Celebrated as “the way life should be”, MAINE more than lives up to its unofficial motto. Filled with lobster shacks, dense forests, scenic lakes and seaside enclaves, the state offers ample opportunities for exploring, or for just lounging in Adirondack chairs and watching the leaves change colour – there’s a little something for everyone here. As large as the other five New England states combined, Maine has barely the year-round population of Rhode Island. In theory, therefore, there’s plenty of room for all the visitors who flood the state in summer; in practice, though, most people head straight for the extravagantly corrugated coast.
At the southern end of the coastline, the beach towns of Ogunquit and Old Orchard Beach quickly lead up to Maine’s most cosmopolitan city, Portland. The Mid-Coast, between Brunswick and Bucksport, is characterized by its craggy shores, windswept peninsulas and sheltered inlets, though the towns of Boothbay Harbor and Camden are certainly busy enough. Beyond the idyllic Blue Hill Peninsula, Down East Maine is home to Acadia National Park, the state’s most popular outdoor escape, in addition to the bustling summer retreat of Bar Harbor. Farther north, you’ll find foggy weather and exhilarating scenery, capped by the candy-striped lighthouse at Quoddy Head, the easternmost point in the United States.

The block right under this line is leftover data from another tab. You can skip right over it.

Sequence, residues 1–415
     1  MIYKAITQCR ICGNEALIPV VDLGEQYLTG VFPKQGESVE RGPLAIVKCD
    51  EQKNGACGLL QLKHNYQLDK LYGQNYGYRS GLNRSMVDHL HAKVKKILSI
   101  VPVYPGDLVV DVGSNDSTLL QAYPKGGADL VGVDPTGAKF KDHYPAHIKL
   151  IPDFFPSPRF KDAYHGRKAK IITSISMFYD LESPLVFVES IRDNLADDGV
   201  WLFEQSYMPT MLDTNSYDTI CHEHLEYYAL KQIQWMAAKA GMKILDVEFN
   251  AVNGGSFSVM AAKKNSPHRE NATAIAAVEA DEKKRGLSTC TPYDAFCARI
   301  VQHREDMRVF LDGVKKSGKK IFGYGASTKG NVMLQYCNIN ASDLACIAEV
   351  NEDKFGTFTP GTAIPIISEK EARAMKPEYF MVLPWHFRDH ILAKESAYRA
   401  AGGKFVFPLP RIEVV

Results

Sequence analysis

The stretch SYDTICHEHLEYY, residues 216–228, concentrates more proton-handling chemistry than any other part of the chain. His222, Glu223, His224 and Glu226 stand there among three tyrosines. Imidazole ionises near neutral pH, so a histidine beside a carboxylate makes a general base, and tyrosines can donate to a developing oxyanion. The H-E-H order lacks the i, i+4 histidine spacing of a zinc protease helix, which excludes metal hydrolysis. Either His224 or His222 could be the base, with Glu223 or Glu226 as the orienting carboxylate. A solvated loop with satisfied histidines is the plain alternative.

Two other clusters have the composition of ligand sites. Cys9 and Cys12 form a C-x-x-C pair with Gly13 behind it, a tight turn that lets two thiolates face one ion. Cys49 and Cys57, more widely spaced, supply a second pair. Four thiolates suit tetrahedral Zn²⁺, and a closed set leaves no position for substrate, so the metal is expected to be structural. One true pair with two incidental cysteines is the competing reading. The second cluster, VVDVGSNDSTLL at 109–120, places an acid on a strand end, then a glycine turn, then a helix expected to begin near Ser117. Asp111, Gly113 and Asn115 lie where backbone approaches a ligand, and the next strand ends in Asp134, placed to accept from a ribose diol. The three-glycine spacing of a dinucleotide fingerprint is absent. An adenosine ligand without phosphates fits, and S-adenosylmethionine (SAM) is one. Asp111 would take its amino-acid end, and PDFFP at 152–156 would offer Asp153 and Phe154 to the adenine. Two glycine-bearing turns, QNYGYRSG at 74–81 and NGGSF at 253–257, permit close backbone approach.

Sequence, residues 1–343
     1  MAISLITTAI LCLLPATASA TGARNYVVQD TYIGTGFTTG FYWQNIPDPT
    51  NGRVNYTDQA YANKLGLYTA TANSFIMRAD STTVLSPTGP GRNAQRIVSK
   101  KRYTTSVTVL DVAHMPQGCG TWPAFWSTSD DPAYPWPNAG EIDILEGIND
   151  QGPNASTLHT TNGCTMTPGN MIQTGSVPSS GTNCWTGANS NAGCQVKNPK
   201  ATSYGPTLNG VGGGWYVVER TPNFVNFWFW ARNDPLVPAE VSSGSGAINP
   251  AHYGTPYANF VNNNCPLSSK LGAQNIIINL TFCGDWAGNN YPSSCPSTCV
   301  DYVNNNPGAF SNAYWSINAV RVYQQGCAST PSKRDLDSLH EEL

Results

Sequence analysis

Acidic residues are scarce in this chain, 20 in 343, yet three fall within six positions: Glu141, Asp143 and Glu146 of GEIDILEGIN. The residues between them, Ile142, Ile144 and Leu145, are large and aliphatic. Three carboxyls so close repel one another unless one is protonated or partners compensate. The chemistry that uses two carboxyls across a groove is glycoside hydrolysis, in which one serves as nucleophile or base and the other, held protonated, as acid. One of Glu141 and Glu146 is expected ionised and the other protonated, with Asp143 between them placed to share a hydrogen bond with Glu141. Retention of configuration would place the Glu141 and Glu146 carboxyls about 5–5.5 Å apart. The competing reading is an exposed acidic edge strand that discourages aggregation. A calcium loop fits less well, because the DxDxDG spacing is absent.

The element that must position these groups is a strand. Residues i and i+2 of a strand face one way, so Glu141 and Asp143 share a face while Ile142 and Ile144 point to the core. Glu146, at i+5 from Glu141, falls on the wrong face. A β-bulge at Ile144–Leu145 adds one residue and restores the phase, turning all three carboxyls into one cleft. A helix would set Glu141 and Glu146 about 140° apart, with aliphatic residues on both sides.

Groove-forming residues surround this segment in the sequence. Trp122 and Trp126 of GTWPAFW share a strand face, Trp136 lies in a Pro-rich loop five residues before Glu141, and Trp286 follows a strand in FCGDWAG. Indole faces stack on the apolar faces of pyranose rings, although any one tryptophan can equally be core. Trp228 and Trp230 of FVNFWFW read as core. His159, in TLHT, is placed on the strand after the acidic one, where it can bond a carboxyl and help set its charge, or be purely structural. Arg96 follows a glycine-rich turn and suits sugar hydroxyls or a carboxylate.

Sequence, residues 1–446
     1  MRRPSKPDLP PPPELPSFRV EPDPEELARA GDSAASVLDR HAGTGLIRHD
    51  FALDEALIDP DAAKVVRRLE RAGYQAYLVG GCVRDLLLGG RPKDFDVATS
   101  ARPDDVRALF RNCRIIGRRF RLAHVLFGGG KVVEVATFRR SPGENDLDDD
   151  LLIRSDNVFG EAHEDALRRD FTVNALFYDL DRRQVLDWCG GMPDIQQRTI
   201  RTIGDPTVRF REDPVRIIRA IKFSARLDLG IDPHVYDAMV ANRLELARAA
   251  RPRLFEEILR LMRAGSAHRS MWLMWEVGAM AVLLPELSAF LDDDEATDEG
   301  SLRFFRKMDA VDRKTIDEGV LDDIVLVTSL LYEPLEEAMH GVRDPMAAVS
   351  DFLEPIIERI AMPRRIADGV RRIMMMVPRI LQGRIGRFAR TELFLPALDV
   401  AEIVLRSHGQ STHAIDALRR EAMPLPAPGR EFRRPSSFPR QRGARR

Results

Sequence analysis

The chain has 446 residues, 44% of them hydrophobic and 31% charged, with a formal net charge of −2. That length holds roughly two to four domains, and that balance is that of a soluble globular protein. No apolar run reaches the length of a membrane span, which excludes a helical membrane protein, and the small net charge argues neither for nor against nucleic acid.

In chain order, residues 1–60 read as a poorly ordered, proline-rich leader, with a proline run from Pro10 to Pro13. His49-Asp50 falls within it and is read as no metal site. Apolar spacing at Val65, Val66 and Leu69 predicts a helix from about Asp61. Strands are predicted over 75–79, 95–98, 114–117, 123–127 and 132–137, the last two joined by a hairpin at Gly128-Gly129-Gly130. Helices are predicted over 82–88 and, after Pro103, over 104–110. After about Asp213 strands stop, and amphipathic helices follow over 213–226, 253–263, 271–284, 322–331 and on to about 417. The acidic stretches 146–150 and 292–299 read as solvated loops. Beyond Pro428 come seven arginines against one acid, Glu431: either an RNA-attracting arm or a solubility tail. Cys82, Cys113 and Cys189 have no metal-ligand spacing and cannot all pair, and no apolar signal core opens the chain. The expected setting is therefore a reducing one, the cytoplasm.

Inland, you’ll really begin to appreciate the size and space of the state, where vast tracts of mountainous forest are dotted with lakes and barely pierced by roads. This region is ideal territory for hiking and canoeing, particularly in Baxter State Park, site of the northern terminus of the Appalachian Trail.
Maine’s climate is famously harsh. In winter, the state is covered in snow, and often ice, while even in what is officially summer temperatures don’t really start to rise until June or even July. This is Maine’s most popular season, its start heralded by sweet corn and the re-opening of lobster shacks, and its end marked by the wild blueberry harvest. Brilliant autumn colours begin to spread from the north in late September, when, unlike elsewhere in New England, off-season prices apply, and the cool weather is great for apple-picking, leaf gaping or simply curling up with a blanket and a book.
The vast expanses of the Maine interior, stretching up into the cold far north, consist mostly of evergreen forests of pine, spruce and fir, interspersed with the white birches and maples responsible for the spectacular autumn colours. Distances here are large. Once you get away from the two biggest cities – Augusta and Bangor – it’s roughly two hundred miles by road to the northern border at Fort Kent, while to drive between the two most likely inland bases, Greenville and Rangeley, takes three hours or more. Driving (there’s no public transport) through this mountainous scenery can be a great pleasure – it smells like Christmas trees as you go – but be aware that beyond Millinocket some roads are access routes belonging to the lumber companies: gravel-surfaced and vulnerable to bad weather. This is great territory in which to hike – the Appalachian Trail culminates its two-thousand-mile course up from Georgia at the top of Mount Katahdin – or raft on the Allagash Wilderness Waterway.